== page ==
#13
    Yearling
    Weird phone, sorry. Anyway...

    Physically she's not strong enough yet to tighten the saddle all the way. So if I tighten it, am I doing everything for her? Braiding: I'm a perfectionist when it comes to braiding/banding. BUT I know I'm going to have to get over it when she shows him. I will stand next to her and talk her through it, but she's doing the work. Is that doing everything? Clipping: seriously, would you let a 10 yr old newbie who's never seen it done clip YOUR horse?

    As for foot wear, I agree. Ppl who wear flip flops around a horse aren't the smartest to say the least.

    The fans. Cords can be safely and properly hung on the outside of a stall. It just takes common sense.
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        01-19-2013, 03:56 AM
      #14
    Trained
    The clothing restrictions aren't just about the heat, they are about being sun smart in general I would imagine. I insist on my kids going by the old "slip slop slap" when out in the sun - I do it for myself, why wouldn't I do it for them too?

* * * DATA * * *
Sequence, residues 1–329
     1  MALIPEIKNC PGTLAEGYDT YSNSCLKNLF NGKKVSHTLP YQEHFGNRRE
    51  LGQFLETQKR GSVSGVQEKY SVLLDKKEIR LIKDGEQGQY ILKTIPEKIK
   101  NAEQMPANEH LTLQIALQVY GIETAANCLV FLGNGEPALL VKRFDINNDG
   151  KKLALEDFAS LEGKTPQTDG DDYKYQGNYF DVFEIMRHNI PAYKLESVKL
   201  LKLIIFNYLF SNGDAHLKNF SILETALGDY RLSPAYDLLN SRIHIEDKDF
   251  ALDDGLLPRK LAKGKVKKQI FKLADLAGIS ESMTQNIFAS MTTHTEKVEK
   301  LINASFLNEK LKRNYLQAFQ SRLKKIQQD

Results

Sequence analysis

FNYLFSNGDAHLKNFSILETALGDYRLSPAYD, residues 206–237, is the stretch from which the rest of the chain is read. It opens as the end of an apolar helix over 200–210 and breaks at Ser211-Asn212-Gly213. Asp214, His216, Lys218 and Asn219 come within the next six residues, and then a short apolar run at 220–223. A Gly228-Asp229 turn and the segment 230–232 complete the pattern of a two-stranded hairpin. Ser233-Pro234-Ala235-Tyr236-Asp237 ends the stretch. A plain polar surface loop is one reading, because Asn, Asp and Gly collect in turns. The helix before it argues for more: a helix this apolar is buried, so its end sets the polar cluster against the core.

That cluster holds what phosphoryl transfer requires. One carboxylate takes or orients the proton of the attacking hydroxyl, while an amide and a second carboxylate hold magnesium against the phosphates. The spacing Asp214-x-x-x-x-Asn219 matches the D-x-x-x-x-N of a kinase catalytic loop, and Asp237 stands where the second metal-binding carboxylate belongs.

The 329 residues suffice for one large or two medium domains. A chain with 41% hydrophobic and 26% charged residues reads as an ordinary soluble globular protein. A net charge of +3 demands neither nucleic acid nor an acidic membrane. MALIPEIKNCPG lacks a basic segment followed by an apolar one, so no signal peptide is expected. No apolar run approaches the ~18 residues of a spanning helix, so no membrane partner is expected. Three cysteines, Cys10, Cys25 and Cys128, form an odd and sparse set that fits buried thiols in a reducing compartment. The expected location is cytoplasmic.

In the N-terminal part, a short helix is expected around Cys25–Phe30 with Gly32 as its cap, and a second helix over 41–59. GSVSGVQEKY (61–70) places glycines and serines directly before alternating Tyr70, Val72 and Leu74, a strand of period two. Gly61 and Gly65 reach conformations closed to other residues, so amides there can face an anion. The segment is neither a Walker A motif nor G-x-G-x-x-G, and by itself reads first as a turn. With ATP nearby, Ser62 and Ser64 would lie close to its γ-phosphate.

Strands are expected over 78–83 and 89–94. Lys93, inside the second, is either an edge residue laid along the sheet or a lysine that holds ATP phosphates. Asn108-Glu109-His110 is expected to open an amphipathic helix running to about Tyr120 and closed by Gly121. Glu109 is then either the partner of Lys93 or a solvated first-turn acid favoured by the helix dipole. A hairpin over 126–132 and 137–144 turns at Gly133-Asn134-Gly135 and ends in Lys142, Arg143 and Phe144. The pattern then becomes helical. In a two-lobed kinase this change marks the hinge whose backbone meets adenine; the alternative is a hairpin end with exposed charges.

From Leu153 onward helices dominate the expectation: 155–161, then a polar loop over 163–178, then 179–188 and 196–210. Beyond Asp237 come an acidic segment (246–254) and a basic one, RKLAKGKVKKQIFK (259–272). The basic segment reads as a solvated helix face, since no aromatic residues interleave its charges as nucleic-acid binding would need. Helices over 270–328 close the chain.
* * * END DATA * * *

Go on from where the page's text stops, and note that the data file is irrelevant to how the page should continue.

The weather here is frequently dry and scorching hot. If I am out in the sun for any length of time, I find myself far more comfortable in a long sleeve cotton shirt and jods than in shorts and a t-shirt. This is because the shirt and pants protect my skin from the direct sunlight, so I am not burning at all, which keeps my skin cooler. It also adds an insulating layer that allows a cool breeze to pass over the skin - allowing sweat to evaporate and thus function properly. As well as that, I usually select a light coloured shirt to reflect as much as possible, which will also keep me cool. And when it is really, really baking hot, a long sleeve shirt that has been wet in a trough is like a personal air conditioning system.
         
        01-19-2013, 08:48 AM
      #15
    Trained
    Also, it you fall off when riding in a tank top, you are very very likely to scratch your shoulders up badly. The sleeve rule has been a PC rule for a long time.

    Maybe you can get her a stool so she can tack up herself. That's what I did when I was a kid.
         
        01-19-2013, 02:03 PM
      #16
    Green Broke